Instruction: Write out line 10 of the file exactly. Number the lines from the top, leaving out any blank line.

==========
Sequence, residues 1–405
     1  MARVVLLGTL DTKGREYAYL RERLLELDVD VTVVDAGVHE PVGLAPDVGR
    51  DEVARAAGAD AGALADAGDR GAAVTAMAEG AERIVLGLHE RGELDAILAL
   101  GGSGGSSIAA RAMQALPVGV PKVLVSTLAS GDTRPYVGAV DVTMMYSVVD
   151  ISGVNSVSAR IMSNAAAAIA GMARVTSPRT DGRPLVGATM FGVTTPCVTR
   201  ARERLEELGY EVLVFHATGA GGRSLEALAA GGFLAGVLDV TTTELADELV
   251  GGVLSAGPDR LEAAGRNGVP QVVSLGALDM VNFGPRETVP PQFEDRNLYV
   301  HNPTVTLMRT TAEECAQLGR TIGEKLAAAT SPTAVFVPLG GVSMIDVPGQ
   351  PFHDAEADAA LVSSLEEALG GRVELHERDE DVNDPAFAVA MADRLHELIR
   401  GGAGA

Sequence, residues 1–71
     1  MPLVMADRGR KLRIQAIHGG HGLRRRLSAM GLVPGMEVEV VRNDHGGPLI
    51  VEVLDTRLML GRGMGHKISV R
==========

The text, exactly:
   401  GGAGA